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The Doctor (Tom Baker) & Romana (Lalla Ward) are trying to go for a
holiday, but after their stay in Brighton Beach resulted in their robot dog K-9
(voice: John Leeson) being blown up when going into the water (there is no
further explanation, obviously robot dogs just explode when entering the sea
...), they decide to go to the relative safeness of the recreation planet
Argolis, otherwise known as the Leisure Hive.
Of course though not all
is as it seems: After their war against the Foamasi 40 years ago that
essentially destroyed their planet & only made in inhabitable in the
shielded city called the hive,
The Argolins have become sterile from the radiation & therefore a dying
race. So the lady Chairman Mena (Adrienne Corri) has decided to bet on time
manipulation with tachionic technology to rejuvinate Argolis' people - but the
earth scientists she has hired to do that prove to be frauds: Stimson (David
Allister), who helped finance the research proves to be a conman while his
partner Harding (Nigel Lambert) is essentially a benevolent but misguided
scientist in desperate need of funding.
But if that wasn't enough, earthmen Brock (John Collin) & Klout (Ian
Talbot) try to buy the Argolins out of their own planet due to financial
difficulties & sell it to their erstwhile enemies, the Foamasi - much to
the dismay of especially Pangol (David Haig), son of the Argolin chairwoman.
It seems however that the Doctor & Romana, specialists in the
manipulation of time since they are Timelords, are able to sort things out with
the tachionic apparatus ... but not to everyone's liking, as someone has killed
Stimson & pinned the murder on the Doctor.
As punishment the Doctor is forst to be the test dummy for the new
rejuvenation machine ... & comes out centureis older. & then even some
Foamasi (weird reptile creatures) show up, but ionstead of trying to make war
they merely are here to arrest Brock & Klout, who are not earthmen at all
but renegade Foamasi wanting to win a final vicory over the Argolins ...
& wouldn't you know it, this is where the problems begin, it
turns out that Pangol himself has sabotaged all the efforts to make the
rejuvenation machne work to see his mother die, take over from her and use the
technology of the Leisure Hive to make himself an army of Pangols.
Of course though the doctor interferes & instead of an army of his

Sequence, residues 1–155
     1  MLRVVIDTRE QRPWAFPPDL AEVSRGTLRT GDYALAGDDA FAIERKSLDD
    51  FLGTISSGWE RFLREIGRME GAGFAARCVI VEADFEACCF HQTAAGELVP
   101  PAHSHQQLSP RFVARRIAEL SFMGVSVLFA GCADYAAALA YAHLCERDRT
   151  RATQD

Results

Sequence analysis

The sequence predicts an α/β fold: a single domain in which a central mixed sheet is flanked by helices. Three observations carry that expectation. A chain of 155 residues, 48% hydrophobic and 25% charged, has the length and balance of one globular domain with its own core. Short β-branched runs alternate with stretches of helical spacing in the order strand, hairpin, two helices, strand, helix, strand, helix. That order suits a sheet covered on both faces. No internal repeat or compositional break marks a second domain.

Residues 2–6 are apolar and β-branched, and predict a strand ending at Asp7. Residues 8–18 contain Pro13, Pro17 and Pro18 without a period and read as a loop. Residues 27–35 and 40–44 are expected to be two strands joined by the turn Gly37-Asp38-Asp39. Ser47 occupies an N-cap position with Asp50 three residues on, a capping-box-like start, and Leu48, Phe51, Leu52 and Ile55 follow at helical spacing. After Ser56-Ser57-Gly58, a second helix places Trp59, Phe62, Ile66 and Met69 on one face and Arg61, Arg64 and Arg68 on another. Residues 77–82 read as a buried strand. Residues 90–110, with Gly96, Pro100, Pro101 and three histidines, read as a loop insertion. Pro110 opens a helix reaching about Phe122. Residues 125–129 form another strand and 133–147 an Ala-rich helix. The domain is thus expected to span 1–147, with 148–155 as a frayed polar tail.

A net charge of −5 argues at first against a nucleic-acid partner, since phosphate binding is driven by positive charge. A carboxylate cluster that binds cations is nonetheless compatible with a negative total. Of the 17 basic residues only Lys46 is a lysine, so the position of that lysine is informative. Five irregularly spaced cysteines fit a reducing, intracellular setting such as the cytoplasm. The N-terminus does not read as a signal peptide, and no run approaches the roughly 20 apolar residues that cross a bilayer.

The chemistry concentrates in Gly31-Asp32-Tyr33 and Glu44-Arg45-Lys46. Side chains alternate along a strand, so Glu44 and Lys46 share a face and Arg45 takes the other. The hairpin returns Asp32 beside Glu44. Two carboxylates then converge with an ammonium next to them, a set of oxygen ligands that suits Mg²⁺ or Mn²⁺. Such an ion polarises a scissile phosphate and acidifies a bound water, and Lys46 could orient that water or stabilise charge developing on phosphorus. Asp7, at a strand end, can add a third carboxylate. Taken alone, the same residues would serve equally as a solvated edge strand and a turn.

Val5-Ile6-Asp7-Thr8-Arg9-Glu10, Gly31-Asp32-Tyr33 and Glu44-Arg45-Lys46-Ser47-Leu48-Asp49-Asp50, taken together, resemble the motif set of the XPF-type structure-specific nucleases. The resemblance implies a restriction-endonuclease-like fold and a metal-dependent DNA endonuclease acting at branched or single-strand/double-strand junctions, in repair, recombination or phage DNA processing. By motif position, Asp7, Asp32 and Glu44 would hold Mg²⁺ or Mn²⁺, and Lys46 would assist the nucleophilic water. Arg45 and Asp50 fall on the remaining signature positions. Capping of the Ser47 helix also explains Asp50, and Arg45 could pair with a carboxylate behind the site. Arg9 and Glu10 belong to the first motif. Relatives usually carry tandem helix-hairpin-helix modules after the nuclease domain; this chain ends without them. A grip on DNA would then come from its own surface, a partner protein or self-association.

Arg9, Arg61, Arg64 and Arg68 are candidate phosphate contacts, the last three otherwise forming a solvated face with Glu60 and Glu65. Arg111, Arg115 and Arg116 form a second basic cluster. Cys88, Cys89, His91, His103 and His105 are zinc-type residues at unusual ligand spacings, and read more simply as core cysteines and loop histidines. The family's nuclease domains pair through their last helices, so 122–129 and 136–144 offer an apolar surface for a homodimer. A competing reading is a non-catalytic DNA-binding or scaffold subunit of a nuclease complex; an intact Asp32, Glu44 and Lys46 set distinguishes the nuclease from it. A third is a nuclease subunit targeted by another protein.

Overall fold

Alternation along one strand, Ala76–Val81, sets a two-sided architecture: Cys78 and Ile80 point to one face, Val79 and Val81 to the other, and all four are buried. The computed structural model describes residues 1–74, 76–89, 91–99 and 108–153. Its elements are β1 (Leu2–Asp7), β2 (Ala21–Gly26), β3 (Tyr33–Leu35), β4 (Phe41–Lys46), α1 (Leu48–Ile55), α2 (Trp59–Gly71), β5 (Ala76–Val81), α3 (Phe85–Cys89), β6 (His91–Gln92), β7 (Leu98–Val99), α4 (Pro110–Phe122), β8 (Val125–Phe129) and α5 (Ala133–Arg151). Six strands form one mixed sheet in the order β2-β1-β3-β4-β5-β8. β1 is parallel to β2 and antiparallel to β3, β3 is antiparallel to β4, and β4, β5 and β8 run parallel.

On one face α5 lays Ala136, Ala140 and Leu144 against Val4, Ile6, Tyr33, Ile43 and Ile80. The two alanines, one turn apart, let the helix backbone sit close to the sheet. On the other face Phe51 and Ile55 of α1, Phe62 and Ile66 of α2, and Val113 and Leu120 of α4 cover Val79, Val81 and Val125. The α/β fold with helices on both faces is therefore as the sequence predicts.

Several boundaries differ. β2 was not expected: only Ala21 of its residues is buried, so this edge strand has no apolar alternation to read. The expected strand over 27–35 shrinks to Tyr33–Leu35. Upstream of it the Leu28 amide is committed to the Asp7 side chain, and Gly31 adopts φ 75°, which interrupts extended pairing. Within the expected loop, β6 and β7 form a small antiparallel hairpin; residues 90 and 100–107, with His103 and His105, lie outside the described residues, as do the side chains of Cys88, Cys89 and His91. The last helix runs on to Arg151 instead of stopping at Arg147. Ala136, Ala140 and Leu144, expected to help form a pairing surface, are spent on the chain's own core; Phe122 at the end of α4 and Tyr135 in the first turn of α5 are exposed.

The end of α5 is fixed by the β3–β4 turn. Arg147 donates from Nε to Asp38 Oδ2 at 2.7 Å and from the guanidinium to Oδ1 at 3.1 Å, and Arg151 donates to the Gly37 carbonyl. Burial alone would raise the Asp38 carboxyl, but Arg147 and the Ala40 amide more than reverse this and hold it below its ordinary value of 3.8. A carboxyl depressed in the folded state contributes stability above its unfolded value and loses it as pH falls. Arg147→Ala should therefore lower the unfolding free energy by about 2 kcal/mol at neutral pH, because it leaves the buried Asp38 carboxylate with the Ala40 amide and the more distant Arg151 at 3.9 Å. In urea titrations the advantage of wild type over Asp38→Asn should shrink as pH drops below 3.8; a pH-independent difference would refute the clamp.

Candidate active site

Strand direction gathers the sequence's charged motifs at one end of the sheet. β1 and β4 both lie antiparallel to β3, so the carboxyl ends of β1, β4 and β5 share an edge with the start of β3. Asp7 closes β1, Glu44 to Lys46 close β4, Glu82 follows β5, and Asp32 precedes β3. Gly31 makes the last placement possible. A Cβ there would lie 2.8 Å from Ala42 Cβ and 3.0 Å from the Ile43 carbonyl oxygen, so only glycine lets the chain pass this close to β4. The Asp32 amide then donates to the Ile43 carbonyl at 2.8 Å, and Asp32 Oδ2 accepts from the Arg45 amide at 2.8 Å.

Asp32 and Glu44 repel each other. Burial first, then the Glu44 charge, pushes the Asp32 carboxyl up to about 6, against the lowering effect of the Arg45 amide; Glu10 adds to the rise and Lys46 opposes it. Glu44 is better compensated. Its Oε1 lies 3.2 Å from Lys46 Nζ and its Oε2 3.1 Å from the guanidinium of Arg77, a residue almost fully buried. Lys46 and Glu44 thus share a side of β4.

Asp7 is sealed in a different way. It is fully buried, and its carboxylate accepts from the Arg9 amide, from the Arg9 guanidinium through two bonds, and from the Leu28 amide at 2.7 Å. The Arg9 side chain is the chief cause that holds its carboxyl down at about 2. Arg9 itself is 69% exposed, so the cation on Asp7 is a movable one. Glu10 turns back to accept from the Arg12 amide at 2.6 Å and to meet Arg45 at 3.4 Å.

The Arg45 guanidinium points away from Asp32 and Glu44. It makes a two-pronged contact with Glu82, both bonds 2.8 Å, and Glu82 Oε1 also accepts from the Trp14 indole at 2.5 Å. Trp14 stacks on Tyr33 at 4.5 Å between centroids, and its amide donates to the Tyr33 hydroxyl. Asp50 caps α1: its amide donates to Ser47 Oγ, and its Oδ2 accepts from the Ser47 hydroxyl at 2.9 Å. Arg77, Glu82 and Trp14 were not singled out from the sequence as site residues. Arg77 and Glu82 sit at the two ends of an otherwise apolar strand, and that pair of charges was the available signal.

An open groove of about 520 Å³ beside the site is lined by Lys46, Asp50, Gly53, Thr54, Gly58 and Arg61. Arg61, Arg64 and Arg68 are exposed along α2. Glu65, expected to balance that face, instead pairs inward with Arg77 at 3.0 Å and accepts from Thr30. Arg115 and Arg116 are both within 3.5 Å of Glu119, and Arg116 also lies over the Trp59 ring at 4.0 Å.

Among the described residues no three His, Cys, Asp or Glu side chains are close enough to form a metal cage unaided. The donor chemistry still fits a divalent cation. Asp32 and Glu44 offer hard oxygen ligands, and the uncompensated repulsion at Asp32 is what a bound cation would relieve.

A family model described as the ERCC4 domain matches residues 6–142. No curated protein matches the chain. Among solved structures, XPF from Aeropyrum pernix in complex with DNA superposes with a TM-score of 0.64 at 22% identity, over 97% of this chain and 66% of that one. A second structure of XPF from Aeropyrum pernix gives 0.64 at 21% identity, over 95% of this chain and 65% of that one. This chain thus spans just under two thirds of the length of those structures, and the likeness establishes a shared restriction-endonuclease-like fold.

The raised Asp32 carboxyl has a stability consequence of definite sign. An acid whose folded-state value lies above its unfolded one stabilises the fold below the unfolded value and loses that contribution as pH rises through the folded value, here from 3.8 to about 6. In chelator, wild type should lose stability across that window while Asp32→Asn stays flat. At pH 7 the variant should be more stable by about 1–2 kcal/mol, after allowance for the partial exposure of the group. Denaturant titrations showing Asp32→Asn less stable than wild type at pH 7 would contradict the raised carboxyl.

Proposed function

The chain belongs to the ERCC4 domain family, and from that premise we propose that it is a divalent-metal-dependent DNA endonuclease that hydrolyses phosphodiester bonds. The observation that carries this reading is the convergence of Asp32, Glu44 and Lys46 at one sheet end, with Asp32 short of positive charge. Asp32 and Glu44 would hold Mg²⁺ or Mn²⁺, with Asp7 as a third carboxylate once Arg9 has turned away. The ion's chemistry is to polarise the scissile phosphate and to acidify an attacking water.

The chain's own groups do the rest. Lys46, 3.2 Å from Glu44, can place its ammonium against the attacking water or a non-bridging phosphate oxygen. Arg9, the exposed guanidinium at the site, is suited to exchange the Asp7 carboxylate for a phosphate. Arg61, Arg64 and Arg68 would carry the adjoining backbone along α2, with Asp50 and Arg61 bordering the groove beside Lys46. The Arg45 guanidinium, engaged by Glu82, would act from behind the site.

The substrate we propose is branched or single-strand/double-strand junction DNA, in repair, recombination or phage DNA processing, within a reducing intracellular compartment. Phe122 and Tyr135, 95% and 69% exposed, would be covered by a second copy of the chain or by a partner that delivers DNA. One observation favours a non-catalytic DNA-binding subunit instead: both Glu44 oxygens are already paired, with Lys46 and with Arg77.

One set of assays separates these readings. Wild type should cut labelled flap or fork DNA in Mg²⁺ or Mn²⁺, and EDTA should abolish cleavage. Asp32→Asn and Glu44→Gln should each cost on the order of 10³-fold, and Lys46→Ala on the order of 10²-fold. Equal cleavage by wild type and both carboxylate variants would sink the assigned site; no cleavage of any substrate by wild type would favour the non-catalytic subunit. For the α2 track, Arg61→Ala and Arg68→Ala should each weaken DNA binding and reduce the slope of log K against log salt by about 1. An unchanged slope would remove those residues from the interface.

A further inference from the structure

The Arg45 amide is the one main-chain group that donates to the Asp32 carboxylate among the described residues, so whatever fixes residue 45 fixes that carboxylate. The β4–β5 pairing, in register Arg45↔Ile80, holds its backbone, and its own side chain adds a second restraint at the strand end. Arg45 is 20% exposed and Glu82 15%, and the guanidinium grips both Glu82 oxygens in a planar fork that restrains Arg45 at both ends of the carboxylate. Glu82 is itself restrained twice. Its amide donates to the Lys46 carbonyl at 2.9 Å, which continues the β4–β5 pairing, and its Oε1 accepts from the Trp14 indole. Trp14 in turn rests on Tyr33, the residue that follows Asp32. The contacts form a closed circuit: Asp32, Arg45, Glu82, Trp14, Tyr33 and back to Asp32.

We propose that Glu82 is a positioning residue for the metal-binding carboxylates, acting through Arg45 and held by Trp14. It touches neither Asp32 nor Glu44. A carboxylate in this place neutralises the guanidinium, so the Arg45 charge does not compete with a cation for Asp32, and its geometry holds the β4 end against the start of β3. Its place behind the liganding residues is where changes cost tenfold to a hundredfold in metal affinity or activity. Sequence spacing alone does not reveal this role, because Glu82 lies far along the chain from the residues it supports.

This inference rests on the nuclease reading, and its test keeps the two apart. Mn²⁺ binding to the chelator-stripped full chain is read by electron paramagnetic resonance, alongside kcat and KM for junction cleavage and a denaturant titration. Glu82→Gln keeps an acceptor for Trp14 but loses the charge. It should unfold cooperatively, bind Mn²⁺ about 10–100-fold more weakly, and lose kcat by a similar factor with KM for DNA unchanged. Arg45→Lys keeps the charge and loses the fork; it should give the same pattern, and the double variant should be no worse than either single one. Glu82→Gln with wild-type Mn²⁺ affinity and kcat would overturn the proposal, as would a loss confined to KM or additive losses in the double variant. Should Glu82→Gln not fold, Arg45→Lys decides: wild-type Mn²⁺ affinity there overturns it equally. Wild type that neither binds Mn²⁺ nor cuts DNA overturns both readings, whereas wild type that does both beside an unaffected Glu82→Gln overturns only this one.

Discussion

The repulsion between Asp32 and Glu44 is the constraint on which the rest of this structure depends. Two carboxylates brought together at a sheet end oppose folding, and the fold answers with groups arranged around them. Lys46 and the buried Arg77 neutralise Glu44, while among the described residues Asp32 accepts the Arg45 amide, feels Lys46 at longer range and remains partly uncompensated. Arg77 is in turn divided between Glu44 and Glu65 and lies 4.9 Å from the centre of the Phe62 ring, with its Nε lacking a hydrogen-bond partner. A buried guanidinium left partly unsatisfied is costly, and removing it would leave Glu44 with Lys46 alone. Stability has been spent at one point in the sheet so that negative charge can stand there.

clones, Pangol gets an army of unstable Doctor-clones (which by the way also
rejuvenates the Doctor again), & he manages to get both Pangol & his
mother (who is by now at the verge of dying) into the now functional
rejuvenation machine, & while Mena comes out considerably younger, Pangol
comes out a mere baby ...
The Leisure Hive marked the premier of John Nathan-Turner as the Doctor
Who's producer & his idea to revamp the show (by now already in its
18th season) manifold: The beautiful Ron Grainer title song was rearranged, the
title sequence re-shot - both in a very eighties way -, Tom Baker's typically
casual costume consisting of baggy old coats, older hats & a colourful
scrarf, was updated & given a very carefully designed all-dark-red look
(thjat didn'T sit too well with his rather casual handling of the role), &
the jokes, the absurdity & the genre bending of previous seasons
(especially season 17, when Douglas Adams of Hitchhiker's Guide through the
Galaxy-fame was script editor) were thrown out for very straight science
fiction stories with a much more restrained Tom Baker in the central role (he
quit after season 18).
Of course, the concept didn't really work, starting with the title- song
& -sequence that almost immediately sounded more dated than its
predecessors, also the absence of humour did make a convoluted & utterly
silly story like this one rather unbearable. Also budgetary restrints were a
litle too obvious to make this one work:The reptile-like Foamasi-costumes were
some of the worst reptile costumes ever (looking rather like very bad homemade
Halloween costumes), & the whole concept of a recreational planet for
tourists that is fought over is just thrown away when that planet proves to be
nothing more than a few corridors. & the restrained Tom Baker is not
exactly satisfying, for if you want a restrained
performance, why have an actor like Tom Baker, an outrageous but highly
enjoyable ham in his own right, in the first place ? ... as a consequence, in
season 19, Tom Baker was replaced by Peter Davison (of All Creatures
Great and Small-fame), a fine actor in his own right, but definitely
lacking the weird Doctor-persona.
But why all this ? Rumour has it that John Nathan-Turner saw this the only
way to compete with the highly forgettable (& today thankfully forgotten) Buck
Rogers in the 25th Century-tv-series, which aired on ITV
the same time Doctor Who aired on BBC - & was luring
away its audiences ...